dōTERRA International

doTerra girl smelling essentail oils

dōTERRA keeps close to the growers that produce its essential oils.

By Alan Dorich

When dōTERRA International started operations nearly a decade ago, it made a commitment to be the most trusted essential oil company in the world. The firm maintains that legacy to this day, Vice President of Corporate Relations and European Markets Kirk Jowers says.

Not only are dōTERRA’s oils tested when they are harvested, “dōTERRA has truly earned the title of ‘Most Tested, Most Trusted.’ You have to test it before you bottle it and test it again when you’re at that final stage of bottling,” he says. “It takes a dozen tests to ensure you get it [right].”

Based in Pleasant Grove, Utah, dōTERRA offers more than 130 essential oils and oil-infused personal care and spa products, dietary supplements and healthy living products for emotional and physical wellness through independent distributors and wholesale customers. Founding Executives David Stirling, Emily Wright, Dr. David Hill and Greg Cook created the idea for the company after several decades of combined experience working in the essential oil industry.

doTerra info“They learned the power and efficacy of the oils, but thought there was a better way to source [them],” Jowers says, adding that the four co-founded the company with additional partners in 2008. Today, dōTERRA sells oils that it sources from more than 45 countries, along with additional products infused with the oils.

dōTERRA’s products can be used in multiple ways. “You can put them in diffusers to be able to benefit from them aromatically,” Jowers says, adding that other products can be applied directly to the skin or added to food.

Although 89 percent of dōTERRA’s customer base consists of women, “We are growing our male audience,” he says, noting that the company is aiming for a broad reach. “Everyone, we’re finding, is starting to use these oils in their homes.”

Good Stewards

dōTERRA’s recent investments include a new SAP system that is helping it cope with fast growth. “We are in the midst of enjoying great improvements,” Jowers says, but admits that the company did encounter some challenges in the transition.

However, “We’re around the corner now and we feel like the transition is 90 percent behind us,” he says. “Next year, we’ll be rolling it out in different countries throughout the world.”

The company is expanding its corporate campus in Pleasant Grove, bringing its size to nearly a million square feet. This will include a new office building, a medical clinic and the expansion of its manufacturing facility. All together, this will allow the company to have 700 more employees at the location.

dōTERRA also will add a state-of-the-art lab and new testing equipment. “As this industry evolves, [we’re] continuing to update with the technology on all fronts,” he says.

doTerra woman smelling oilsThe spaces will reflect dōTERRA’s focus on sustainability with features such as high-efficiency lighting and mechanical systems. “We’re doing all that we can to make those certified LEED,” he says.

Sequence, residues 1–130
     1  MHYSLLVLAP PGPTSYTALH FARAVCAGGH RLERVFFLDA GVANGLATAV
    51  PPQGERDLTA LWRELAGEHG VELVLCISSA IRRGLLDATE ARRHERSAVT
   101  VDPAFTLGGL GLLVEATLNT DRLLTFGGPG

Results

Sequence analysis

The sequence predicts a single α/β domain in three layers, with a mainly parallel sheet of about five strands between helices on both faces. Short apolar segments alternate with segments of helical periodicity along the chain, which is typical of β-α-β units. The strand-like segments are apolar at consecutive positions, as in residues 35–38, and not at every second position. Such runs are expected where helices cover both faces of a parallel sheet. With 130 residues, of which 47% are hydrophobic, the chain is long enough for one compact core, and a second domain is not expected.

Additionally, dōTERRA will soon introduce packaging that incorporates less material. “[We] make sure we’re good stewards of our Earth, which has created our company,” Jowers says.

Product Partners

dōTERRA maintains strong relationships with the people who grow the plants that create its essential oils. “One of the great decisions that our founders made early on was they wanted to know the people growing these crops,” Jowers says.

This is represented by the company’s philosophy of “Cō-Impact Sourcing,” he says. “The most important thing you can do is make these great people around the world your partners and not your project.”

The company has eliminated middlemen from the process, which not only allows dōTERRA to see first hand how things are being done, but also deliver more money to the growers. “They are benefitting immensely,” he says, noting that dōTERRA also has given charitable donations.

This has allowed hospitals and schools to be built in the farmers’ local communities, and improvements to be made on their homes. “It’s very satisfying,” he says. “One year, they will have a dirt floor and two years later, they will have stone or wooden floors.”

Just Getting Started

Jowers joined dōTERRA in 2015 after a previous career in politics and law that included serving as the chairman and general counsel for Mitt Romney’s leadership PACs. “I love it,” Jowers says.

Not only has he seen dōTERRA’s growers prosper, but also its distributors. For some, “It’s a very part time thing that allows them enough extra cash to do some fun things with their family,” he says.

“Some others become spectacularly successful,” Jowers notes. “My favorite part is getting to know and visit these people around the world.”

After nearly 10 years, “We’re just getting started,” Jowers says, adding that dōTERRA has yet to saturate its markets. “This is a company that is very much in its infancy.”

But it is quickly gaining momentum. “In October alone, we had over 85,000 people sign up [with dōTERRA],” he says. “Those are new people who love these oils.”

dōTERRA also plans to continue partnering with universities, hospitals and health clinics to validate the value of these oils. That way, “They can become more and more understood, properly used and accepted in our society,” he says.

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